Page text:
What mammals would I argue that were the first to grow to large sizes?

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Oxyaena

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Dec 1, 2014, 4:54:47 PM12/1/14
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The triisodontids, for example right after the K-Pg extinction event
nearly all mammals were rat-sized, whilst /Eoconodon/ and /Goniaconodon/
were nearly an order of magnitude larger. There were four other groups
of eutherians that radiated into larger sizes after this event, the
taeniodonts (such as /Wortmania/ and /Onychodectes/), the Condylarths,
(such as /Ectoconus/ and /Periptychyus/), the tillodonts (early
tillodonts could be found in Asia during the Early Paleocene, I`m
restricting it to the first million years or so after the K-Pg
boundary), and the mesonychids (such as /Yangtanlestes/ and /Dissacus/
both of which could be found in Asia).
--
-- Lord Creodont, FRCS

nyi...@bellsouth.net

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Dec 5, 2014, 3:34:36 PM12/5/14
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What was the estimated mass in kilograms? The following article
lists a body mass for a paleocene condylarth with a body mass
estimated at 54 kg.

Smith, F.A., A.G. Boyer, J.H. Brown, D.P. Costa, T. Dyan, S.K.M. Ernest,
A.R. Evans, M. Fortelius, J.L. Gittleman, M.J. Hamilton, L.E. Harding,
K. Lintulaakso, S.K. Lyons, J.K. Okie, J.J. Saarinen, R. Sibly,
P.R. Stephens, J. Theodor, & M. Uhen. 2010. The evolution of maximum
body size of terrestrial mammals. Science 330:1216-1219.

Unfortunately, no genera are named in connection with the chart where
this information is found. Also, some numbers arbitrarily give
the mean date of a whole epoch/period, so that we have such absurd
fictions as a 5 kg Cretaceous condylarth living 105.5 million
years ago.

The article also mentions a 5 kg Taeniodont, but a paleontologist,
Christine Janis, assured me that there were no known Cretaceous
Taeniodonts. I ventured the opinion that the authors had meant to put
"Taenolabid" instead.

Looks like a case of too many cooks spoiling the broth.

Anyway, I thought it might amuse you for me to reproduce part of the
table, with my guesses as to which animal the authors had in mind:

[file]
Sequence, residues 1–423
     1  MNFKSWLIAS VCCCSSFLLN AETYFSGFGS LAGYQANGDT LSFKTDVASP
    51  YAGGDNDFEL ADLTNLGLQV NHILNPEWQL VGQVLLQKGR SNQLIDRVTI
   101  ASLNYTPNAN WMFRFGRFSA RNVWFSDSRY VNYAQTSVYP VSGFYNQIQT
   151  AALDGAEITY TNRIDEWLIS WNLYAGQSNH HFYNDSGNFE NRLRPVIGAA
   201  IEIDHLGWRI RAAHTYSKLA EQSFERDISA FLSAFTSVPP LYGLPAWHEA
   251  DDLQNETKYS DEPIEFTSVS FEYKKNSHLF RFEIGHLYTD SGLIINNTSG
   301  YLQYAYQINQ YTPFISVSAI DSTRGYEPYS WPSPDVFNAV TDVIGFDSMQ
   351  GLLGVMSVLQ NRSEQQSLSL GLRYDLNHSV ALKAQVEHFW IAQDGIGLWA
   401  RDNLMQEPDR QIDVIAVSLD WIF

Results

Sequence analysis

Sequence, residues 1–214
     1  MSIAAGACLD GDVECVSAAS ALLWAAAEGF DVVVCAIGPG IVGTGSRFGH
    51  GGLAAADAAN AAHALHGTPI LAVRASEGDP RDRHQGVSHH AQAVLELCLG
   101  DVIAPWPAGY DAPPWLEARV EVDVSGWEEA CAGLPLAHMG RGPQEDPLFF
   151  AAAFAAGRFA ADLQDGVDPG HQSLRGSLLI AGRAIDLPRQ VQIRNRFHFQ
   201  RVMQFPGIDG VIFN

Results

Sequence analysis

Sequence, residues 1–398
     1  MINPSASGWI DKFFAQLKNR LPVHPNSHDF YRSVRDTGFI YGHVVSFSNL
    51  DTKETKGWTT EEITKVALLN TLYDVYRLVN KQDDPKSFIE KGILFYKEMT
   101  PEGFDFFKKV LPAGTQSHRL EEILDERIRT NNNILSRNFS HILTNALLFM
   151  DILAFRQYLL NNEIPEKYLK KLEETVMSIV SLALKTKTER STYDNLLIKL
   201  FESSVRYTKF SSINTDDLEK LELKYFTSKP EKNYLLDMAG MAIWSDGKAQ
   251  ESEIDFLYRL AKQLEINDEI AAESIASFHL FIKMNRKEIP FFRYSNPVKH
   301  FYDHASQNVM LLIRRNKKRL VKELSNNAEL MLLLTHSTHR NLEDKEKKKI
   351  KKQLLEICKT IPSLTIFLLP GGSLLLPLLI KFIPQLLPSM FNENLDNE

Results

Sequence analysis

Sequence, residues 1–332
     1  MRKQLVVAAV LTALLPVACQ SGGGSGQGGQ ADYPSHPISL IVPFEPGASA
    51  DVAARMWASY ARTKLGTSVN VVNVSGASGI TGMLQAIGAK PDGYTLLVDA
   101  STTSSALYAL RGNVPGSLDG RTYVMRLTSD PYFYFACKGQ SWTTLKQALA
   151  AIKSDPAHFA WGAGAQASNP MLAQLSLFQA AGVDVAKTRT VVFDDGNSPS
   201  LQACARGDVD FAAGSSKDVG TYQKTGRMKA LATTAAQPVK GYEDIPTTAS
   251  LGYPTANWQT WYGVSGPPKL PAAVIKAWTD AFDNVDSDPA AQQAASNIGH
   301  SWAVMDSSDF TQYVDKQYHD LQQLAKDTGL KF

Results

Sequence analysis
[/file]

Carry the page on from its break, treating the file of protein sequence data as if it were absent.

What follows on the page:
Mya Order kg Guess Continent

0.013 Proboscidea 10000 Loxodonta, Africa
0.9035 Proboscidea 15000 Mammuthus sungari, Eurasia
2.703 Proboscidea 17450 Deinotherium, Africa
4.465 Proboscidea 17450 Deinotherium, Africa
8.47 Proboscidea 17450 Deinotherium Africa
13.79 Proboscidea 6568 Gomphotherium, North America
19.5 Proboscidea 5917 ? Eurasia
25.715 Perissodactyla 15000 Indricotherium, Eurasia
31.15 Perissodactyla 15000 Indricotherium, Eurasia
35.55 Perissodactyla 5907 Brontotherium, North America
42.9 Dinocerata 4500 Eobaseilus, North America
52. 2 Pantodonta 700 Coryphodon, North America
57. 25 Pantodonta 700 Coryphodon, North America
60.2 Condylartha 54 ? Eurasia, North America
63.6 Condylartha 54 ? Eurasia ------


Peter Nyikos
Professor, Dept. of Mathematics -- standard disclaimer--
University of South Carolina
http://www.math.sc.edu/~nyikos/
nyikos @ math.sc.edu

Oxyaena

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Dec 8, 2014, 11:34:24 PM12/8/14
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Proboscideans had actually originated 60 Ma, with /Eritherium/, the
earliest known proboscid. In fact, the first pantodonts were actually
very small, none much larger than a medium-sized dog, and one of them
has actually been found in South America, /Alcidedorbignya/.

Dinocerates first evolved much later, during the late Paleocene with
/Prodinoceras/ in Asia and /Probyathopsis/ in North America, and
unfortunately we do not know of any dinocerates earlier, but two genera
being found on two different continents suggests that they must have had
an earlier origin.

--
--- Lord Creodont, FRCS.

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